John Lamb (Australian politician)

Commander John Lamb (1790 – 17 January 1862) was an English-born Australian naval officer, banker and politician. The son of Captain Edward Lamb of the East India Company and Eliza Buchanan, Lamb was appointed to the New South Wales Legislative Council on 10 September 1844.[1] He had a distinguished career with the Royal Navy, beginning at age 11 on his uncle Captain William Buchanan's British Navy warship, the Leviathan. Lamb was noted for his role in several feats over the French and accepted the rank of retired naval commander in May 1846.[2]


John Lamb
Commander John Lamb.png
Member of Legislative Council of New South Wales
In office
10 September 1844 (1844-09-10) – 2 February 1853 (1853-02-02)
Personal details
Born(1790-01-01)1 January 1790
Penrith, England
Died17 January 1862(1862-01-17) (aged 71–72)
Darlinghurst, Sydney
Citizenship Australia
Political partyFree Trade
Spouse(s)Emma (née Robinson)
RelationsThomas Smith
Children
MotherElizabeth Buchanan
FatherCaptain Lamb

Commander Lamb founded a banking family in Australia as chairman of the Commercial Banking Company of Sydney (now National Australia Bank). Four of his sons also became CBCS directors, namely the bankers and politicians Walter Lamb, Alfred Lamb, Edward Lamb and the banker John de Villiers Lamb. His wife Emma (née Robinson) was the daughter of the deputy chairman of Lloyds Bank. His daughter-in-law by John Lamb, Henrietta Lamb, was the sister of the deputy chairman of the Commercial Banking Company of Sydney, Thomas Smith.[3]

Early lifeEdit

He was born in Penrith, England, the son of Captain Edward Lamb of the East India Company and Eliza Buchanan. At the age of 11 he joined the Royal Navy as a midshipman, rising to the rank of lieutenant by 1808.

With a grant from the Royal Navy's Patriotic Fund for distinguished service, Commander Lamb and his Buchanan cousins formed the merchant banking house of Lamb, Buchanan & Co. He was in charge of convict transport and merchant ships between 1815 and 1828.[4] In March 1823 he married Emma (née Robinson), daughter of the deputy chairman of Lloyds Bank; they would have fourteen children.

He settled in Sydney in 1829, and ran a woollen brokers and shipping agents merchant banking firm. He was a strong opponent of continued convict transportation and a member of the Anti-Transportation League. He was chosen by Governor William Bligh to transport him to New South Wales.[5]

CareerEdit

Lamb's partnership with Buchanan ended in 1834 and he renewed his merchant banking business as Lamb & Co. He became a director of many large public companies, including the Sydney Alliance Assurance Co., the Australian Fire and Life Assurance Co. and the Sydney Railroad Co. He was a director and several times chairman of the Commercial Banking Co. of Sydney in 1834–50. In 1851-52 he was a founder and first chairman of the Sydney Chamber of Commerce and of the Sydney Exchange Co.[2]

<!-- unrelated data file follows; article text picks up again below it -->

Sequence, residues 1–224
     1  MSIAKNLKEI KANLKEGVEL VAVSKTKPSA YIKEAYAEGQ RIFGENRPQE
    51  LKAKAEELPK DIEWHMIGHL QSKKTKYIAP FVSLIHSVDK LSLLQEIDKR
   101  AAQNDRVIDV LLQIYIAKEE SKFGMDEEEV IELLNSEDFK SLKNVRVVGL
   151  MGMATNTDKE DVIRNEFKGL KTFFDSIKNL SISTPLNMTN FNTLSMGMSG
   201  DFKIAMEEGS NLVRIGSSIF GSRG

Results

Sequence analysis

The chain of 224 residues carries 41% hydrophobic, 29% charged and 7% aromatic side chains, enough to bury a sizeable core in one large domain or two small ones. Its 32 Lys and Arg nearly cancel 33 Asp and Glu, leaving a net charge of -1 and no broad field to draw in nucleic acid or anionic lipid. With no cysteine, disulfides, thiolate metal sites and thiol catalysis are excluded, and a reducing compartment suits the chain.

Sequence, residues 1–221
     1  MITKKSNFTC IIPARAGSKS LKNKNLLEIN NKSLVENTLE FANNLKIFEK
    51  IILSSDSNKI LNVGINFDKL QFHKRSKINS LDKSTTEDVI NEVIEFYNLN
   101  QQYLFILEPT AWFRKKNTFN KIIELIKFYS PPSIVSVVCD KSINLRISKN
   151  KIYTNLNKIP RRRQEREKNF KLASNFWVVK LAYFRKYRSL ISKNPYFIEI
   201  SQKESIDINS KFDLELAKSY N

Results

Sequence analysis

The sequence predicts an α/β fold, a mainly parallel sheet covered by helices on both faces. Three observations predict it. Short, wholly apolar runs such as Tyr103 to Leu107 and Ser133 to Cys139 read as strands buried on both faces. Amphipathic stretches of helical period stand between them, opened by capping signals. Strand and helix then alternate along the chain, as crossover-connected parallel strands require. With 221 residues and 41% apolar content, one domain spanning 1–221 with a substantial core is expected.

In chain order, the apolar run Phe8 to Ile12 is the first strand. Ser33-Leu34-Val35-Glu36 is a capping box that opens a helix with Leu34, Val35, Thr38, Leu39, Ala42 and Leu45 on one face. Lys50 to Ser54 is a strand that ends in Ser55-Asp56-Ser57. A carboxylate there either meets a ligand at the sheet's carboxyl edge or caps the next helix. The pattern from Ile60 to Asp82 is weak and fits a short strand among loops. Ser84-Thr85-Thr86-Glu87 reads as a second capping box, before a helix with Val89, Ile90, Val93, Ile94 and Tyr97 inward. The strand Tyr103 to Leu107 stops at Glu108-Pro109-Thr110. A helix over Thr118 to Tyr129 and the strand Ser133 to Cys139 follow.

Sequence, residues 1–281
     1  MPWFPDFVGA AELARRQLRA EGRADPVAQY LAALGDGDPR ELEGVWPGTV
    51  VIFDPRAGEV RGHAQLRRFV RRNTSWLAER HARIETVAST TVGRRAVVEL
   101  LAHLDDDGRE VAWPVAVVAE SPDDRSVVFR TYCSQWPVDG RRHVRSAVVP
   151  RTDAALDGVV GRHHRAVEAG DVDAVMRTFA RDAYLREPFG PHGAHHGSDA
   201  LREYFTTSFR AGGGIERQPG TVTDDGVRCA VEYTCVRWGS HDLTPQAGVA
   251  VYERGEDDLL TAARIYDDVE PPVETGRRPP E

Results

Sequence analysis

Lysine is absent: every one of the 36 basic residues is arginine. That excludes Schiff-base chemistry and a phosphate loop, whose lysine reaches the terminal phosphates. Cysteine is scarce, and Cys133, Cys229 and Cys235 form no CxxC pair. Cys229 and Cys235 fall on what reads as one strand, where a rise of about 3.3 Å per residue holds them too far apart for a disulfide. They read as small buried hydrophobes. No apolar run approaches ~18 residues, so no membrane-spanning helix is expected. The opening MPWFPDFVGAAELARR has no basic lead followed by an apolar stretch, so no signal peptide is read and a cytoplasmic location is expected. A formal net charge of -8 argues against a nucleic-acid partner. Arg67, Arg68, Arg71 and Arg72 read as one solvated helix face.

He was appointed to the New South Wales Legislative Council on 10 September 1844.[1] In 1851 the number of members in the Council was increased from to 54, 18 to be appointed and 36 elected.[6] At the 1851 New South Wales colonial election, Lamb was elected as one of three members for the City of Sydney. He resigned in February 1853.[7] He was again appointed to the Legislative Council in July 1857,[8] for the balance of a five-year term ending on 10 May 1861.[4]

Further detailsEdit

Lamb married Emma (née Robinson), the daughter of John Robinson of Holloway, a London banker and deputy chairman of Lloyds Bank. Lamb died at Darlinghurst on 17 January 1862. He was interred St Judes Cemetery, Randwick, NSW.[4] His sons were the bankers and politicians Walter Lamb, Alfred Lamb, Edward Lamb and the banker John de Villiers Lamb, all of whom held rank as directors of the Commercial Banking Company of Sydney (now NAB). His daughter-in-law by John de Villiers, Henrietta Octavia Lamb, was the sister of the deputy chairman and managing director of the Commercial Banking Company of Sydney, Thomas Whistler Smith, in turn the brother-in-law of John Street, founder of the Street dynasty.[2]

ReferencesEdit

  1. ^ a b "Proclamation: appointment of John Lamb to the Legislative Council". New South Wales Government Gazette (83). 10 September 1844. p. 1117. Retrieved 23 April 2019 – via Trove.
  2. ^ a b c http://adb.anu.edu.au/biography/lamb-john-2321
  3. ^ S. J. Butlin, Foundations of the Australian Monetary System, 1788-1851 (Melb, 1953)
  4. ^ a b c "Mr John Lamb (1790 - 1862)". Former Members of the Parliament of New South Wales. Retrieved 9 April 2019.
  5. ^ Walsh, G P. "Lamb, John (1790–1862)". Australian Dictionary of Biography. Melbourne University Press. ISSN 1833-7538. Retrieved 3 May 2019 – via National Centre of Biography, Australian National University.
  6. ^ "An Act to provide for the division of the Colony of New South Wales after the separation of the District of Port Phillip therefrom into Electoral Districts and for the Election of Members to serve in the Legislative Council.". Act No. 48 of 2 May 1851 (PDF). Retrieved 3 May 2019 – via Australasian Legal Information Institute.
  7. ^ "Writ of election". New South Wales Government Gazette (22). 22 February 1853. p. 375. Retrieved 3 May 2019 – via Trove.
  8. ^ "Legislative Council". New South Wales Government Gazette (99). 10 July 1857. p. 1393. Retrieved 3 May 2019 – via Trove.

 

New South Wales Legislative Council
Preceded by
Robert Lowe
Appointed Member
Sep 1844 – Jun 1851
Council expanded
Preceded by
William Wentworth
John Dunmore Lang
City of Sydney
Sep 1851 – Feb 1853
With: William Wentworth
Robert Campbell
Succeeded by
William Thurlow
Preceded by
unknown
Appointed Member
Aug 1857 – May 1861
Succeeded by
unknown